The Overflowing Bookshelf Challenge: Getting Organized!

The Overflowing Bookshelf Challenge: Getting Organized!

While working on my massive New Bookshelves Project (Instagram), I also took the time to get organized for my Overflowing Bookshelf Challenge. During the reshelving process, I decided to forego my typical alphabetical order arrangement for my unread titles in favor of a descending “priority” lineup. I’m going to share how this new reorganization has set me up for success with my challenge.

I can’t tell you how much time I’ve wasted staring at my collection, researching titles, and creating shelves on Goodreads while trying to get straight which books I should be reading first. I couldn’t find a great way to keep track of everything, so I’d have to re-look up the same titles constantly, wasting precious brain power and reading time. Clearly I needed a better way to organize these titles, and I took me an embarrassingly long time to realize the best solution would be to physically move them around in my collection instead of creating endless digital lists. #brilliant

Since I had to pull all the titles off the shelves anyway for the bookshelf swap, I took the time to painstakingly research each book to check for audio availability (either through audible, library overdrive, or physical CDs at my local branch – 3 sources for each title!! It took forever). Eventually I had everything separated into 3 categories:

1. Books available on Audio for Free!
2. Books available on Audio for a Cost.
3. Books without an Audio option.

I then arranged them from highest to lowest priority on the shelves in their own respective sections. The image at the beginning of this post is how it turned out. :) Here are the top shelves (or, the highest priorities) within each category:

I love it. This new shelving layout allows me to immediately see what’s on the docket, and it made it immeasurably easier to identify which bottom priority titles were up for eviction from my house (researching these bottom titles required another several hours of effort, but I was able to remove 99 from my shelves, which I’m super proud of).

What im left with are titles I’m genuinely interested in reading and a clear, fool-proof plan for reading them all: start with the highest priority and work my way back.

As I’ve explained before, I’m not the fastest at getting through physical reads for a plethora of reasons (eye strain, arcs, phone distractions, etc), so most of my book enjoyment these days come from audiobooks (it’s a bonus that I can listen to them all day at work). So this is the main reason why I chose to separate my collection accordingly. It also frees up more time for physical reads and will enable me to work though my collection that much faster. Here’s the first physical read series I’m Tackling:

Overall, even though it took a ton of time and effort, I’m 100% pleased with how it turned out and think I’ve taken out most of the obstacles I was facing for getting a handle on my collection. Here are some current stats (not including YA titles…I haven’t touched those yet):

Audio Free: 183
Audio $: 139
Non-Audio: 270
Total Non-Read: 691
Titles for Donation: 99 -> 14%!! (I was shooting for 10%)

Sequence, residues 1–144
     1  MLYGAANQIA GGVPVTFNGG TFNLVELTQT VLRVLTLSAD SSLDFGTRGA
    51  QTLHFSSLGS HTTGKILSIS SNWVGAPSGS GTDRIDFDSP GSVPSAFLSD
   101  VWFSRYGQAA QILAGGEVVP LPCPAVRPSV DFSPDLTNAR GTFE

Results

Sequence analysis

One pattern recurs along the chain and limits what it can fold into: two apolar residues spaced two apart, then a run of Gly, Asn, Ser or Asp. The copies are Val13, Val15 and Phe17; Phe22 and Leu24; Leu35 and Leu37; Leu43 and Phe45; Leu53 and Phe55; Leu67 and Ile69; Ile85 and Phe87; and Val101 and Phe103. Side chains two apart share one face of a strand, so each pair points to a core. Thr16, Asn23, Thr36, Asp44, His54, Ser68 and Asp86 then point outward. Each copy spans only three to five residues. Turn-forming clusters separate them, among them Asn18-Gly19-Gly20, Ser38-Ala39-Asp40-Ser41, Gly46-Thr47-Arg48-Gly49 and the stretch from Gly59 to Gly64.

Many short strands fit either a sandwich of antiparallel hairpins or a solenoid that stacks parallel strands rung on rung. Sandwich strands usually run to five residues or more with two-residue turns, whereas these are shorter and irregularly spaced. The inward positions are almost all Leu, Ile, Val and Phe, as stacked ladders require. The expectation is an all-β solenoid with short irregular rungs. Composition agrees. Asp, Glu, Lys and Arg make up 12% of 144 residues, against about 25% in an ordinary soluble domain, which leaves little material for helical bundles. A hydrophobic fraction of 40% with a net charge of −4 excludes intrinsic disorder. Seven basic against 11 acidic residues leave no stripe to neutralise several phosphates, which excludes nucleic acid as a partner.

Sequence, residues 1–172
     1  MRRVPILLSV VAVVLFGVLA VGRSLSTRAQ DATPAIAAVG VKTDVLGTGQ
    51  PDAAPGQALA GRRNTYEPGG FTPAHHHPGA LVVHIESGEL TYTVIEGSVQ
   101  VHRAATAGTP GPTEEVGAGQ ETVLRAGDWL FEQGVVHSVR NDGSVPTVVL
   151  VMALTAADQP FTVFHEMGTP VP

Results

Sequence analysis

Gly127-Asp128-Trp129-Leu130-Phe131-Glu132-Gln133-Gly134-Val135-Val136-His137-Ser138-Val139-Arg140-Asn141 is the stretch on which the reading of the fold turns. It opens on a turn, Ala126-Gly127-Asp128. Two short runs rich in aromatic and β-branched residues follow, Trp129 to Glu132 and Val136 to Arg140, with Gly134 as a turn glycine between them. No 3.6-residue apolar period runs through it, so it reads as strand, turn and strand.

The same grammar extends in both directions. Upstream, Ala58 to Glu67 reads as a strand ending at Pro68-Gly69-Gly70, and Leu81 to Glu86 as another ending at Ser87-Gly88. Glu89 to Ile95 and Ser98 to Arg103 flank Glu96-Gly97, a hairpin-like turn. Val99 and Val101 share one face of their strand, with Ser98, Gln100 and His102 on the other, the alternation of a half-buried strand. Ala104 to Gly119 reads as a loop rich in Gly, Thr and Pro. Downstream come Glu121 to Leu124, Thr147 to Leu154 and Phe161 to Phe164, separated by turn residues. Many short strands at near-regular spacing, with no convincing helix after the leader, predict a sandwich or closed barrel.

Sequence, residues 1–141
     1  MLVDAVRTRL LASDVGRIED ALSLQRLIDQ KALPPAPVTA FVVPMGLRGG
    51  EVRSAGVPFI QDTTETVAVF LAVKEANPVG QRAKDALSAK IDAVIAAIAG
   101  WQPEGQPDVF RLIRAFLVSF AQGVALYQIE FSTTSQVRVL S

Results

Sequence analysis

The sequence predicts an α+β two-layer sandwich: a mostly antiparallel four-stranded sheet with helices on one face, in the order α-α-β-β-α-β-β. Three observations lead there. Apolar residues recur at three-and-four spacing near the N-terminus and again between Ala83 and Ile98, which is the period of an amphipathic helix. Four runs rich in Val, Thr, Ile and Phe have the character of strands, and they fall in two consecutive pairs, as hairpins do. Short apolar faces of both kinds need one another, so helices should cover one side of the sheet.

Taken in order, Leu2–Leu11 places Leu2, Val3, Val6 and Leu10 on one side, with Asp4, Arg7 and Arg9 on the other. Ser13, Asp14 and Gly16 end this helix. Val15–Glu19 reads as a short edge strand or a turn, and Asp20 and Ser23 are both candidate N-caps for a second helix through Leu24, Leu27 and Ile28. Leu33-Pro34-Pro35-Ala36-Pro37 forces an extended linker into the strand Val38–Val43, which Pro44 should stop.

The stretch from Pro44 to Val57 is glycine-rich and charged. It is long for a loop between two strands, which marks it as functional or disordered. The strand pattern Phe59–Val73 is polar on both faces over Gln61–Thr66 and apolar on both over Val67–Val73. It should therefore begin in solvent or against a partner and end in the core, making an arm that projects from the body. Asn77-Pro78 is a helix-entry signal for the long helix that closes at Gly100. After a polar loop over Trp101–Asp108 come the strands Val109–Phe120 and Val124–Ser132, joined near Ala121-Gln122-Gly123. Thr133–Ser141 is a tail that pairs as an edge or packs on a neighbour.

New Total: 592

Once I let go of my donation pile, I’ll have 592 books to read. Figure I can do about 5 a month (leaving 5 for non-owned titles), then I should be able to get through all of these in 9.87 years. That may seem like a lot, but before I started thinning out my collection some years ago, I was looking at a 40 year TBR pile. The goal has ever been to get the TBR down to a “manageable” level, and 10 years was my goal. My new goal is 9 years (540 titles) – let’s take it in baby steps. :)

Thanks for following along my challenge journey. My next post will be about the much-needed reorganization of my unread YA titles. And then, dare I say, I’ll be finished with this project and can focus on challenge updates from there on out. :)

by Niki Hawkes


The Overflowing Bookshelf Challenge: A Pre-Introduction.

Niki’s Overflowing Bookshelf Challenge

Several months ago I created an Overflowing Bookshelf Challenge for my Goodreads group (Fantasy Buddy Reads), but was too wrapped up in my Incomplete Series Challenge to give it much attention. Now that I’m only down to 11 open series (from 129), it’s time to get serious about my overflowing shelves.

If you follow me on Instagram, you’ve probably seen me posting updates on my New Bookshelves Project off and on for the last several months. The project has afforded me the opportunity to really dig into and organize my unread titles. The blunt fact of the matter is that I have waaaaay too many (over 1100). Even if I focus only on owned books, it will take me about 8 years to get through them all. If I’m realistic about how many new books and borrowed books I’ll want to read outside of my collection, I’m looking at more than 20 YEARS!! O_o.

My goal with this challenge is to par down the number of unread titles to just those I can reasonably get to within the next 10 years. Some of these titles I’ve been hanging onto for almost 15 years and a lot of them are medium-high priority titles I keep passing up for low priority “do I really want to keep this? Maybe I should read it to see” books (well, Niki, there’s your problem). From now on I’ll be reading exclusively high-priority titles until I’ve whittled my TBR down to something I can manage. Excessive prioritizing has been working for my Tackling the TBR method, so I don’t know why I haven’t implemented it here before now.

With my next post, I’ll get into the specifics of the challenge, but for now (if you need me) I’ll be digging through my collection. :)

Has your collection gotten out of hand?
On a scale of minimalist to death by TBR, how buried are you?

by Niki Hawkes